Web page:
scrum explained 101

Scrum guides, resources, How Tos and much more.

the different methodologies

Scrum
Agile
Kanban

why using scrum?

It takes an in-depth understanding of the fundamentals of software engineering to appreciate the advantages of Scrum. Scrum as a framework allows the team members to create a methodology which works for them.

The project as a Moving Target. Agile as a mindset expects that the project scope is not limited to what it starts with. The team members know to expect that the project is a moving target and that other requirements will become known while the project is moving forward. Scrum includes this concept of a moving target and incorporates it in the product backlog and in the sprints. Traditional structured design and development’s main flaw is that the project once delivered is obsolete. The traditional approach to a project is fixed at the time it was started. Agile takes this into consideration and adds functionality as the project develops. Scrum has incorporates these revisions as part of the methodology.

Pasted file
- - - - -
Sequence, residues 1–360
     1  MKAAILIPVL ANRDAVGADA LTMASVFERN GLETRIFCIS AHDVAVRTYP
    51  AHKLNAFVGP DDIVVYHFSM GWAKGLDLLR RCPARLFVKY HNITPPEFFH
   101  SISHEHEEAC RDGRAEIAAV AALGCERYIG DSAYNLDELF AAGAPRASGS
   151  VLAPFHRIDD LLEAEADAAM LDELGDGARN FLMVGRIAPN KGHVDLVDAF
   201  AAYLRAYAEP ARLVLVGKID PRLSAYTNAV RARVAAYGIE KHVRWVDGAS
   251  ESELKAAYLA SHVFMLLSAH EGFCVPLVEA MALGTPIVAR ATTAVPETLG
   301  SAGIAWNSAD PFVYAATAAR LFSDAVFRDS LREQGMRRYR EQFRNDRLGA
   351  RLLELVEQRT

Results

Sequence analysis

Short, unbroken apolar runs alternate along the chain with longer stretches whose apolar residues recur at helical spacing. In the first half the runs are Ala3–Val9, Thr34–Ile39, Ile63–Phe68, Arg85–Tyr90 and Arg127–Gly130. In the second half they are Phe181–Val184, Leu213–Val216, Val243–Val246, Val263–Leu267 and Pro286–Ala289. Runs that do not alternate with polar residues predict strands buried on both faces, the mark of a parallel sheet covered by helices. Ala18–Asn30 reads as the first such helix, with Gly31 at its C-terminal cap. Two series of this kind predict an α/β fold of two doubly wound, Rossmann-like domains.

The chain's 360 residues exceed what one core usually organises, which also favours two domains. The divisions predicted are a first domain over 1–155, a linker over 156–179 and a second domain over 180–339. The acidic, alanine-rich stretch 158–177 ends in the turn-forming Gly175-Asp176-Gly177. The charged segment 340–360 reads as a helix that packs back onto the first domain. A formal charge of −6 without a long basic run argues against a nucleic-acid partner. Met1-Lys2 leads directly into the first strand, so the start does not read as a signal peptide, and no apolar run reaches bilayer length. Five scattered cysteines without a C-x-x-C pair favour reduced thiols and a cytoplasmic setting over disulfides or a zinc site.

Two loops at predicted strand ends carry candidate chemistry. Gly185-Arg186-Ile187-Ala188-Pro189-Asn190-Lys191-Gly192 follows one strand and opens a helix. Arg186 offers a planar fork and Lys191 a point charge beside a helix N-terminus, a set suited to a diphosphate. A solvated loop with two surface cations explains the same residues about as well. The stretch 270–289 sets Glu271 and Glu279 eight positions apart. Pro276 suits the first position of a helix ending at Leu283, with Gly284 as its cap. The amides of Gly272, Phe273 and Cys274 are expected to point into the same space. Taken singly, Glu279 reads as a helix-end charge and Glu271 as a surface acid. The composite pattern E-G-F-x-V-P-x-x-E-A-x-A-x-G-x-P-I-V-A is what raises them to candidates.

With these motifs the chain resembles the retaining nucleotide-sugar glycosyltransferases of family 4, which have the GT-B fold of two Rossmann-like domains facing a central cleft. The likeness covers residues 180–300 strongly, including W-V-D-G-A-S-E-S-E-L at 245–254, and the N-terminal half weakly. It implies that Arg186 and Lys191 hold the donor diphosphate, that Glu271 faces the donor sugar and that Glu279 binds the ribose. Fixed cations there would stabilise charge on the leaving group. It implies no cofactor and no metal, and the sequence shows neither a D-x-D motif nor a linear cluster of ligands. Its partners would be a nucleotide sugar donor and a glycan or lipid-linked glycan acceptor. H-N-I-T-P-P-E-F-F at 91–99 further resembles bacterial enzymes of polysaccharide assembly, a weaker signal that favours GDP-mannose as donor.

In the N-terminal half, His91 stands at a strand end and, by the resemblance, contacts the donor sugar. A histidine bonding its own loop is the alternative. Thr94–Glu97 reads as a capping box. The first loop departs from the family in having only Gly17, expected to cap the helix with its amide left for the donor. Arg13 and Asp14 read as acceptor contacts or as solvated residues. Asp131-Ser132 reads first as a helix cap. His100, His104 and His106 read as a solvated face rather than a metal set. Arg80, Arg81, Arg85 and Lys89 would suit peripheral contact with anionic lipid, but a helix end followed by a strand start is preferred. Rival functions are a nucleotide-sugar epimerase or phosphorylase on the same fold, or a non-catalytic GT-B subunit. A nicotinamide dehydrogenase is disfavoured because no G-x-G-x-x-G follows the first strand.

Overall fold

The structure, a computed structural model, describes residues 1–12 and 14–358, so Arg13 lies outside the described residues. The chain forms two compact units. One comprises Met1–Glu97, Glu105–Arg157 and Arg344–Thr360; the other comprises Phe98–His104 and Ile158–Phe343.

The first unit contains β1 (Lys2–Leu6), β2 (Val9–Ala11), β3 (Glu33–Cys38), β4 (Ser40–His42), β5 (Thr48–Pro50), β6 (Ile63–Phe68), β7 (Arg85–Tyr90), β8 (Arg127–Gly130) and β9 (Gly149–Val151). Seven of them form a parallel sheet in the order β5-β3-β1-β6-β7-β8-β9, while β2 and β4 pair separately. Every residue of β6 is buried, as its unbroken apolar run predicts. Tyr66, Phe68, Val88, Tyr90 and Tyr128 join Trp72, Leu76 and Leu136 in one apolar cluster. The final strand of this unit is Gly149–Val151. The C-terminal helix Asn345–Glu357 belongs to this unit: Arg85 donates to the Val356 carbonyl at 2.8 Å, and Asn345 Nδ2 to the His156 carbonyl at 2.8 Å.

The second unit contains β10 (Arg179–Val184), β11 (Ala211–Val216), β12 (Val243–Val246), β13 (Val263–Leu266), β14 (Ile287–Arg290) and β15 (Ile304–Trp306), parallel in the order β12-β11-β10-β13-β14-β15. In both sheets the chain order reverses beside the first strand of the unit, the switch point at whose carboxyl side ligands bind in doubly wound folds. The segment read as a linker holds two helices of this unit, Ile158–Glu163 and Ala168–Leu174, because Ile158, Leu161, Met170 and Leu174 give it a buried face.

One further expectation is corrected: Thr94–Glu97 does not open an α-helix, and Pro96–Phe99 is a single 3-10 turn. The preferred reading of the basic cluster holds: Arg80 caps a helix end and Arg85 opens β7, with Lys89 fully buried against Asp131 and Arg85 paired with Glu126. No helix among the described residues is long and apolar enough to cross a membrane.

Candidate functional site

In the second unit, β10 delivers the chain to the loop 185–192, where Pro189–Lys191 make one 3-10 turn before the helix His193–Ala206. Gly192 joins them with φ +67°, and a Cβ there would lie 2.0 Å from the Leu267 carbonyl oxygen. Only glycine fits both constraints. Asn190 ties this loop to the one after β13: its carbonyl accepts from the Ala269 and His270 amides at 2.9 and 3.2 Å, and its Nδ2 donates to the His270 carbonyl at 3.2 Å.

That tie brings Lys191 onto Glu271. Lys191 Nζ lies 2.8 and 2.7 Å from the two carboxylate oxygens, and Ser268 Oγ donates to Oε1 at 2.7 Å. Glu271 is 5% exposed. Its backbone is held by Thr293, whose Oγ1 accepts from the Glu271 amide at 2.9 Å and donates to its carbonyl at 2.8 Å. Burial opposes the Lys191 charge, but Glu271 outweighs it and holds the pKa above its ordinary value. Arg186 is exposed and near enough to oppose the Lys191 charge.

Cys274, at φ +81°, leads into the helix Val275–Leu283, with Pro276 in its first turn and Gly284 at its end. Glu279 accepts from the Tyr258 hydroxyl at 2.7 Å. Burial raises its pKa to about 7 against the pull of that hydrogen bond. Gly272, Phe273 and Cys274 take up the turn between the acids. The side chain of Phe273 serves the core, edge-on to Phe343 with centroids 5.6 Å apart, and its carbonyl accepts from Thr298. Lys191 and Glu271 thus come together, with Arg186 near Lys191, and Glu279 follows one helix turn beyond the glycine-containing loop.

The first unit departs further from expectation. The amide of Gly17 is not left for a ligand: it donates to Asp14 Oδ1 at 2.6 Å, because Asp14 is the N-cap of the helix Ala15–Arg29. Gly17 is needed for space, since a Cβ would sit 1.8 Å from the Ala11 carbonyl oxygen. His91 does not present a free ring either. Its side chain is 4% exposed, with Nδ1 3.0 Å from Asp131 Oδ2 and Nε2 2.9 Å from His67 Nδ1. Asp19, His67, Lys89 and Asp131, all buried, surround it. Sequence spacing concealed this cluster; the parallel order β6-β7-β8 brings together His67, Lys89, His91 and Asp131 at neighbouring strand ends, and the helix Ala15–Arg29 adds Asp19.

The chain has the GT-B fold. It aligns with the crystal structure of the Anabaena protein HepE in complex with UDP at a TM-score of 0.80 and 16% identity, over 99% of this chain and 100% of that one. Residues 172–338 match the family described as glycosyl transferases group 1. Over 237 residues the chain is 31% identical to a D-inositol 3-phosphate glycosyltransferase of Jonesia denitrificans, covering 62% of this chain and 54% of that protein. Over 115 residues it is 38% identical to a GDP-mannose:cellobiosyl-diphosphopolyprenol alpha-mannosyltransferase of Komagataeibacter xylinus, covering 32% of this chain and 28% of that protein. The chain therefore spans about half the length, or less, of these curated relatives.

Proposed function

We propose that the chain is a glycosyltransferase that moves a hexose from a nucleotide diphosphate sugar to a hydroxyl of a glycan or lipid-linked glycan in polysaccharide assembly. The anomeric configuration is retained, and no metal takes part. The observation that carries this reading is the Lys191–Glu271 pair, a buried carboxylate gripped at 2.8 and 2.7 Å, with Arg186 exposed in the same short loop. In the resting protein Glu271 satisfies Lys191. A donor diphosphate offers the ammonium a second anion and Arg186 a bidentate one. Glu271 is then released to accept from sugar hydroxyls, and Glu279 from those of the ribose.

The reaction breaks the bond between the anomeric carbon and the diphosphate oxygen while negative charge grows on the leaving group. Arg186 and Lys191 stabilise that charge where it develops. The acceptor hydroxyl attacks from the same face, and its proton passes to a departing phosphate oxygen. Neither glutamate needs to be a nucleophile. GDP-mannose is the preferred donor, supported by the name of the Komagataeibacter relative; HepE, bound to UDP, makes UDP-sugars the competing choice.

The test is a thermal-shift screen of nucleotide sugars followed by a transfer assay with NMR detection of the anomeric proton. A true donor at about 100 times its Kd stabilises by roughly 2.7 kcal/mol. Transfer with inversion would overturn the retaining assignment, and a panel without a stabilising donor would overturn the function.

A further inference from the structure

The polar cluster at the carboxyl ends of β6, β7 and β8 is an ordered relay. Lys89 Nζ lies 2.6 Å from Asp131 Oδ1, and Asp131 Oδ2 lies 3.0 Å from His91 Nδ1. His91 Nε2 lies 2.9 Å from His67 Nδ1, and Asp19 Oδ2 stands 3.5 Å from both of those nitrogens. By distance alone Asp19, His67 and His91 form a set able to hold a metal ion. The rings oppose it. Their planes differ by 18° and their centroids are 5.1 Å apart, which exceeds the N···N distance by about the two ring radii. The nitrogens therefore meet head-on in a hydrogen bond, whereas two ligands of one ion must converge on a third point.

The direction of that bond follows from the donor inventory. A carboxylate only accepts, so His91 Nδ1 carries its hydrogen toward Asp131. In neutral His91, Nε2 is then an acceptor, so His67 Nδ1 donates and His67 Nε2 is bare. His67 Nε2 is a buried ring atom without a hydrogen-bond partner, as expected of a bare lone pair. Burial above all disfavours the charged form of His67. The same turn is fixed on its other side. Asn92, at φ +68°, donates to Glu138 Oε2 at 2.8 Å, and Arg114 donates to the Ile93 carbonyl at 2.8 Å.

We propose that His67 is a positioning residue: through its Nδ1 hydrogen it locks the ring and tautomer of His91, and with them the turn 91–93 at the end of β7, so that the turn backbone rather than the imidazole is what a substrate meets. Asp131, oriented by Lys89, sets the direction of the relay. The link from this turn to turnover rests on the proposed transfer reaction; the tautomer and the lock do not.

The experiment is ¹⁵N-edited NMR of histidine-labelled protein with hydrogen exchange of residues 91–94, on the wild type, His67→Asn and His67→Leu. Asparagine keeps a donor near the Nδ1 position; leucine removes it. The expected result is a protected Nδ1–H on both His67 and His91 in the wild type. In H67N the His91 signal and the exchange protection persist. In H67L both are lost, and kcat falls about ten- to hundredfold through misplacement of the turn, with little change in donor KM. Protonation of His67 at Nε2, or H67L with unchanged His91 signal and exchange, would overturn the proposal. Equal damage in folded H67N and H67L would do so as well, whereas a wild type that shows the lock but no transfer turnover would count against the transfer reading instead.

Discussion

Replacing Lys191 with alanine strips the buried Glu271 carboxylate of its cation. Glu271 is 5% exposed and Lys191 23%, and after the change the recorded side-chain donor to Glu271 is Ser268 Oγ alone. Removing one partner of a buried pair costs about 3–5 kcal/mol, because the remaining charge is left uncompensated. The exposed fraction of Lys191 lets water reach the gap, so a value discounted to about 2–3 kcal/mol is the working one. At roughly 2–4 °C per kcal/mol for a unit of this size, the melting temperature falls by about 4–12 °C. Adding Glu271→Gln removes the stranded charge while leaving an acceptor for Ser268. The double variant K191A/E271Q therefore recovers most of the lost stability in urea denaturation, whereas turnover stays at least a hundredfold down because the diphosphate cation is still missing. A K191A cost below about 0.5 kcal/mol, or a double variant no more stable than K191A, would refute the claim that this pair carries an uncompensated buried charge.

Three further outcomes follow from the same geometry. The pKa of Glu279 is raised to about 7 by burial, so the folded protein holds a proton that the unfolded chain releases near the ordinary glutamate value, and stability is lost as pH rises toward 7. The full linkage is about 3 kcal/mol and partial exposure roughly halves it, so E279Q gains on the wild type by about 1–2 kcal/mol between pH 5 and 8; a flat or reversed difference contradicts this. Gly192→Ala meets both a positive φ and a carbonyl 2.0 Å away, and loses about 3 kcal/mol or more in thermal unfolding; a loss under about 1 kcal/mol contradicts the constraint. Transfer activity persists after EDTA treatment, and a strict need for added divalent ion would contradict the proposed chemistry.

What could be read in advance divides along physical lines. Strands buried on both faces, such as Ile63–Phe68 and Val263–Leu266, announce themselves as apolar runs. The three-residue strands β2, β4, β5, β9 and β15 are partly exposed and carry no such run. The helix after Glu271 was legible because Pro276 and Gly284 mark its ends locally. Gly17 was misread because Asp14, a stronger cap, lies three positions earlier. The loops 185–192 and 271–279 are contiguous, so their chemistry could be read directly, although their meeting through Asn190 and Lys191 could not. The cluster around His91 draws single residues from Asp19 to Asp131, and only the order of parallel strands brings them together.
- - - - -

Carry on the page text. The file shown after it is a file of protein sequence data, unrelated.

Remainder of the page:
Projects Within Schedule. The framework helps assure that the project is finished on time and under budget. There is a fixed project timeframe. It is not a matter of “finished or unfinished, pass your papers” instead it is “this is what can be accomplished in the timeframe, and that’s what is going to be done.” Almost all elements of Scrum are timeboxed. Time is a finite resource and it is used judiciously in the various activities. When the timeframe is fixed, the budget is rarely exceeded.

Projects Within Budget. Scrum’s point of view of time, activities and budget is contrary to traditional project management paradigms. Instead of total cumulative costs, it has a burndown chart of the budget. There is more urgency because the team sees how much is left of the allocated time and resources.

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